behind the scenes History Channel's 'Swamp People' Has Been Lying To You About Everything  

Evan Lambert
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In the 21st century, there is a plethora of great shows on History Channel. But this wasn't always the case. For people who grew up in the '90s, The History Channel is associated with WWII docs and other somber programs. Over the years, it has shifted from reputable documentaries about US and world history to original treasures like the faked Pawn Stars, UFO Hunters, and the equally fake Swamp People. This has all presumably been in an effort to make more money, but as the Countess Luann of Real Housewives of New York City would say, "Money can't buy you class."

When Swamp People premiered in 2010, it seemed like the exploitative reality drama about Cajuns that the world needed. Unfortunately, over the first eight seasons, it has evolved into a parody of itself as more viewers have become savvy to its manipulative editing techniques. Plus, it's not as much about the Cajun lifestyle as it is about ultra-dramatic confrontations with alligators, since the show mostly follows backwoods folk as they hunt gators for a living. 

This list is not about the questionable morality of hunting gators. That's shaky ground, as the state of Louisiana actually encourages gator hunting as a way to curb the reptile's alarming population growth. This list is about fake reality TV and how Swamp People lies to you. As it turns out, those gator wrestling matches aren't as dramatic as they look. Read on below to find out more about how Swamp People is stretching the truth.

It Misrepresents Southern Louisiana


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Photo:  History

While part of Swamp People's appeal lies in its cursory look at the Cajun lifestyle, there are just as many working and middle class people in Southern Louisiana who don't hunt gators and talk like Gambit from X-Men. Ironically, if the show spent more time exploring Cajun customs, it could more clearly delineate the swamp people as a very specific subculture within a wider regional culture.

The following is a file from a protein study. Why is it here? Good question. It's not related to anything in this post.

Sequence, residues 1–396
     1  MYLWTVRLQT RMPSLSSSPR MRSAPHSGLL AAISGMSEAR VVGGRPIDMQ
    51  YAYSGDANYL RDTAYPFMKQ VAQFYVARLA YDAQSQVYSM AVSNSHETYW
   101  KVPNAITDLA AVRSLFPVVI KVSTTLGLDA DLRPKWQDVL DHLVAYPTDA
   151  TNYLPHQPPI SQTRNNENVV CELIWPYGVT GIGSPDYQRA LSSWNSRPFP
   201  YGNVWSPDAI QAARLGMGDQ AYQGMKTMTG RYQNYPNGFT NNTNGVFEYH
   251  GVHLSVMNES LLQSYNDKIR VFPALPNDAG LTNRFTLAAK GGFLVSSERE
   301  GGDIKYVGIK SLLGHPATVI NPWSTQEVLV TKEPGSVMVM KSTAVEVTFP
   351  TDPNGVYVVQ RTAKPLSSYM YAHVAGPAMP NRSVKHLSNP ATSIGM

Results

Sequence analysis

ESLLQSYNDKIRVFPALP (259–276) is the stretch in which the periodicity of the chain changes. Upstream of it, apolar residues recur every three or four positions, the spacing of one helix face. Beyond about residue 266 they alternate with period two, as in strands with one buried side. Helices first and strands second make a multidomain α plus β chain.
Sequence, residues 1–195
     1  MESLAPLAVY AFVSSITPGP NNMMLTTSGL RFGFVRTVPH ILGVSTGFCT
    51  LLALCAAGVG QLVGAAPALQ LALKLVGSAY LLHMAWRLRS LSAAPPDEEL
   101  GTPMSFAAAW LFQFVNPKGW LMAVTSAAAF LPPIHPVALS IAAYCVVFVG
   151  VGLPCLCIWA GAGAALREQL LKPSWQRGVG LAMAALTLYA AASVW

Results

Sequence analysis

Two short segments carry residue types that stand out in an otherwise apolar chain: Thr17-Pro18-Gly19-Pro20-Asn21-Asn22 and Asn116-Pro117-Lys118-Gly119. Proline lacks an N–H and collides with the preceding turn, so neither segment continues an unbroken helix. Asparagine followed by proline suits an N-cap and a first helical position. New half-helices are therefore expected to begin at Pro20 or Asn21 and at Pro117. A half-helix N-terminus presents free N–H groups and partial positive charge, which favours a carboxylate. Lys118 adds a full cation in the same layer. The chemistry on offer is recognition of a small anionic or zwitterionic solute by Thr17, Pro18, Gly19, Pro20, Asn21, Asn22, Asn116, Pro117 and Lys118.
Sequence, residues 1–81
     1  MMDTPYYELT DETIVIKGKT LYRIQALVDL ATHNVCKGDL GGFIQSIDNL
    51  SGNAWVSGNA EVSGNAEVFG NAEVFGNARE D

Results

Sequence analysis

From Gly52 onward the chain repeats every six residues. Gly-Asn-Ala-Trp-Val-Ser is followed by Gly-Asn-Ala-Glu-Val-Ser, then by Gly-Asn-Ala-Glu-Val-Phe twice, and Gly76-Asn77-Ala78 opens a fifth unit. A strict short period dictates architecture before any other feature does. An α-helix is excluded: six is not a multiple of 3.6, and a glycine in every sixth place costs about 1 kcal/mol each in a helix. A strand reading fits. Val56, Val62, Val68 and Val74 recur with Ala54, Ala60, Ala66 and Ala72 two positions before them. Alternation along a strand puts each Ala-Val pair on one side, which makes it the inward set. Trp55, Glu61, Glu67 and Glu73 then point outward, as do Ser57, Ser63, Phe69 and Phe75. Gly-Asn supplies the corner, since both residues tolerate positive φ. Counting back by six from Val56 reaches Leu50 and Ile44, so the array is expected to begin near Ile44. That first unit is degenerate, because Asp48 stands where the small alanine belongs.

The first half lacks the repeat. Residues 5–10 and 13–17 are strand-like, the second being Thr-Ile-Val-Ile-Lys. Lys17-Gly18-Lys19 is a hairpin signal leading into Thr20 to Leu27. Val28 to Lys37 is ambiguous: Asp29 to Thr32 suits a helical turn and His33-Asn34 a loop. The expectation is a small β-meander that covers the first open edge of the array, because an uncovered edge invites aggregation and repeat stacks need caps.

Some Of The Gators Are Probably Dead Before The Guys Wrestle Them


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Eagle-eyed viewers have noted that the gator hunters frequently switch out guns during wrestling bouts, but there's no realistic way they'd have time for this when they're trying to focus on not getting killed. This poor editing exposes the fact that the men probably aren't using their guns the entire time, which means that some of the "wrestling" might be filmed after the gator has already been shot. They keep the guns on them for dramatic purposes.

Most Cast Members Are Secretly Sociopaths


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Photo:  History

Sure, the folks of Swamp People might seem easy-going, but there's some real darkness lurking under those calm waters. The Molinere duo once beat up a dude with a beer bottle because he looked at them wrong on the freeway, and Trapper Joe was seen beating up his girlfriend in public. 

The list goes on. Nicholas Payne, the first convicted criminal on Swamp People, has a history of assaulting cops and resisting arrest. Roger Rivers Jr. was arrested and charged with the following crimes: "18 wildlife violations plus two drug charges." Oh, yeah, and Chase Landry enjoys haphazardly shooting at innocent people who get close to him in the swamp. 

It Makes The Gator Hunters More Bad*ss Than They Really Are


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Sometimes, the gator hunters of Swamp People stick their arms in the water when wrestling gators. A real gator hunter would not do this, because, well, this is gator hunting. Alligators have large, powerful jaws that are solely designed for gleefully crushing through bones and flesh. That's why hunters are encouraged to use a wide variety of tools - ranging from harpoons to arrows - to snatch them. If these guys are putting their arms in the water, then it's stock footage.